2. Updated musical examples, complete with media players

Updated musical examples: There are 129 musical examples in this book, each of which I digitally recreated with the Lilypond typesetting program. Despite being a heavy Finale™ user for many years, I used this opportunity to gain familiarity with the open-source Lilypond program, which has two significant advantages over commercial, graphical programs. First, Lilypond creates beautiful output with no additional tweaking. Secondly, and more importantly, with a little knowledge of scripting languages, one can harness the power of scripts to automate tasks that would take numerous hours in a commercial program like Finale. For instance, my typical workflow when creating this edition was to create a separate Lilypond text file for each example (per chapter). When completed, I simply ran a single script that did the following for all those new examples:

  • Created cropped images in a resolution of my choice
  • Created a MIDI file for each example
  • Rendered that MIDI file into WAV
  • Converted that WAV file into both MP3 and OGG formats
  • Uploaded the newly created images and audio files to my webserver

My script can run in mere seconds, saving me hours of potential work. If, in the future, I want to change the resolution of the images or the bitrate of the audio files, I simply have to change a couple of variables in the script and then re-run it.

Digitizing all the musical examples also provided me the opportunity to clean up some issues with the original scan, such as notes that were difficult to read.

Media players: The main advantage, however, is in the addition of media players beneath each musical example. Textbooks on music, even so-called “modern” ones, lack the ability to play the musical examples straight from the page. Usually the process of hearing a musical example in a textbook involves fumbling with a CD/DVD, logging into a specific web portal from the publisher, or just giving up and searching YouTube.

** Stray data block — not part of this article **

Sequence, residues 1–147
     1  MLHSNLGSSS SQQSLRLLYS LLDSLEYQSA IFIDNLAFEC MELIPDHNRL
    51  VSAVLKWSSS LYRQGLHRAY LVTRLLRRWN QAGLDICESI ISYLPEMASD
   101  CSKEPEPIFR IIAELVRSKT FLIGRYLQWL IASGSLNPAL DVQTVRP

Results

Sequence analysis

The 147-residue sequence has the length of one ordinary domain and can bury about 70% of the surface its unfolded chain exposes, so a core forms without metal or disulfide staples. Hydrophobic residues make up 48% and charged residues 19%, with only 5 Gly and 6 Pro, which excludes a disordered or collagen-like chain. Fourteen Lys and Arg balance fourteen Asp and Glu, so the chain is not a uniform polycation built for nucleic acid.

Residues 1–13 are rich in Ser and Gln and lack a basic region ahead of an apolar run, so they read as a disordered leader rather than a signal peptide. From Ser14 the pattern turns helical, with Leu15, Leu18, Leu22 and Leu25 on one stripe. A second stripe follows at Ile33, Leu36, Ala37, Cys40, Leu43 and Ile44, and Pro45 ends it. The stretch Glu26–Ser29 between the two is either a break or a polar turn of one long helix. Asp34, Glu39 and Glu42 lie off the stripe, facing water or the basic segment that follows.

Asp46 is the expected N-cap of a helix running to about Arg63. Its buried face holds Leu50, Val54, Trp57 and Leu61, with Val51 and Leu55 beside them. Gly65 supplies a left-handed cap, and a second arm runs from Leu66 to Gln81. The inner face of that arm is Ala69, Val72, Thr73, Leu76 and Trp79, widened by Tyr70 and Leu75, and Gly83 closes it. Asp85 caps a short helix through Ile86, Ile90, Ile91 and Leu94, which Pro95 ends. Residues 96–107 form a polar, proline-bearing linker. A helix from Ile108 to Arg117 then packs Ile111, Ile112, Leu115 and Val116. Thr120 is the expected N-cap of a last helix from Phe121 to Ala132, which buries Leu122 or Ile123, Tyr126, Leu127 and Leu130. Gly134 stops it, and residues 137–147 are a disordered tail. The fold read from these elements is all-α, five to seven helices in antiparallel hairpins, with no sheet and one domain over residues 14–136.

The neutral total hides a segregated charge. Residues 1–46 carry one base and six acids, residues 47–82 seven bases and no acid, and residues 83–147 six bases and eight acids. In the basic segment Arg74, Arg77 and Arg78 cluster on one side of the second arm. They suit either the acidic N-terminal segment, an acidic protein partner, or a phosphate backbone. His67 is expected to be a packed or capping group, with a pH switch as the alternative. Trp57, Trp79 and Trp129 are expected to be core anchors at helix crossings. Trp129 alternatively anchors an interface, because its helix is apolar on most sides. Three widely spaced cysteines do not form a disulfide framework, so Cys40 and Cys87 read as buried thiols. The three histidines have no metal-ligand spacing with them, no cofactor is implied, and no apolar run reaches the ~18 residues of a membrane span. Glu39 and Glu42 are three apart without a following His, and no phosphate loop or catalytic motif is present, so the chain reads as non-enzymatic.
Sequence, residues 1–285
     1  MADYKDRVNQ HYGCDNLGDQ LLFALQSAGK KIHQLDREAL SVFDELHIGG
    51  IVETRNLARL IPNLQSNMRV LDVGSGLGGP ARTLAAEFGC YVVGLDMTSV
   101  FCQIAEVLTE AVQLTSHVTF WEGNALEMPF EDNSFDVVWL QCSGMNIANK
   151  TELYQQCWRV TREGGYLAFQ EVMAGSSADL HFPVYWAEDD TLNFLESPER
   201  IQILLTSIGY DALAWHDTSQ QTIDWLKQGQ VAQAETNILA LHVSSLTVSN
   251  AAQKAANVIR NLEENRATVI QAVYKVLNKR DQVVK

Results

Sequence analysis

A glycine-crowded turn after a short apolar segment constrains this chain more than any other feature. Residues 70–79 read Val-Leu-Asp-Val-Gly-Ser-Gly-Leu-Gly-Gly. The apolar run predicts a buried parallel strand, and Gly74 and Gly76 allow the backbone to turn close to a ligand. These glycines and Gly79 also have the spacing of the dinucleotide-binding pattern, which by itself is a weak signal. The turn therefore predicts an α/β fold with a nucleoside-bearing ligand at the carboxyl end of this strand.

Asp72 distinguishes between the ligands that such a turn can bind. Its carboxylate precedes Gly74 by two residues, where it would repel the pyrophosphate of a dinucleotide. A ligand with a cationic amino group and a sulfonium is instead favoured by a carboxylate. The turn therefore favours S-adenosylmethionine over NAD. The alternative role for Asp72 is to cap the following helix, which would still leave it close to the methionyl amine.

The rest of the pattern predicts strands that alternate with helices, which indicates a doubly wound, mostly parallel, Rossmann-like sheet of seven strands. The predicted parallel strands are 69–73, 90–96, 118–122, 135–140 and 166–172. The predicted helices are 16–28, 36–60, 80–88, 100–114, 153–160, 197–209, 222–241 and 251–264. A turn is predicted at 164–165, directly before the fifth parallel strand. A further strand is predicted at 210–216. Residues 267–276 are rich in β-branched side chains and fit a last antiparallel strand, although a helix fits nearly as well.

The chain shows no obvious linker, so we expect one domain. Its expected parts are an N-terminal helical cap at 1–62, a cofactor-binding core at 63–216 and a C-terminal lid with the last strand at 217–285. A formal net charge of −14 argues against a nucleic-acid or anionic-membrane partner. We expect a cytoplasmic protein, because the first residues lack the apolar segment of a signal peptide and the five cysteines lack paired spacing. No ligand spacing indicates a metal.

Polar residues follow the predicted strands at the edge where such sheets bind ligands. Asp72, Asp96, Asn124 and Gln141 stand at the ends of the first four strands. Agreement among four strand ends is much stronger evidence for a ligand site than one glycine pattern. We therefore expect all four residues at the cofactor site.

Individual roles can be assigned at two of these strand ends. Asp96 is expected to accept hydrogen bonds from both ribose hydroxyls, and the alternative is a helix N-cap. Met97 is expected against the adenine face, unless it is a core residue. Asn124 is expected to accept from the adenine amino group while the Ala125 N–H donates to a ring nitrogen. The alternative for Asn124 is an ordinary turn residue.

No longer. Now students can study an example and listen to it straight from the page. There's something satisfying about a 100+ year-old textbook in the public domain receiving a modern facelift, both in looks and in function. Indeed, this feature gives it a significant advantage over newer sixteenth-century counterpoint texts, at least from a functional perspective.

The best way to access this book on a computer, tablet, or smartphone is to view the online version, which will automatically adjust to fit your screen. Start here with the Table of Contents.

You can also read this book by downloading an EPUB, which is viewable on an e-reader (Nook, Kobo, etc) or on any computer/smartphone/tablet with an e-book app. The EPUB format supports audio, but your individual e-reader may not, so I cannot make any guarantees as to the functionality of the e-reader version. I have personally tested it with Apple iBooks, and it works fine.

EPUB download: Counterpoint_Bridge.epub (52 MB)

Naturally, my best thanks are due to Sir J. Frederick Bridge for the 1878 version of his text, without which this new edition would not be possible. Additionally, I express my gratitude to my friend Jonathan Kulp at The University of Louisiana at Lafayette, who served as the inspiration for this project. 5) Thanks, Jon!

And finally, I am also thankful for my wife Katrina's enduring patience and kind replies of, “Yes, Daddy is still working….” in response to our kids' endlessly repeating question:

Is Daddy still playing on the computer?

~ B. B. B.

Trinity University,
San Antonio, Texas
July, 2017.

This work is licensed under a Creative Commons Attribution-ShareAlike 4.0 International License.

I have my eye on Counterpoint, by G. A. MacFarren as a potential primary textbook for a future editing project.
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Kulp has selflessly created numerous free resources relating to music theory and music history.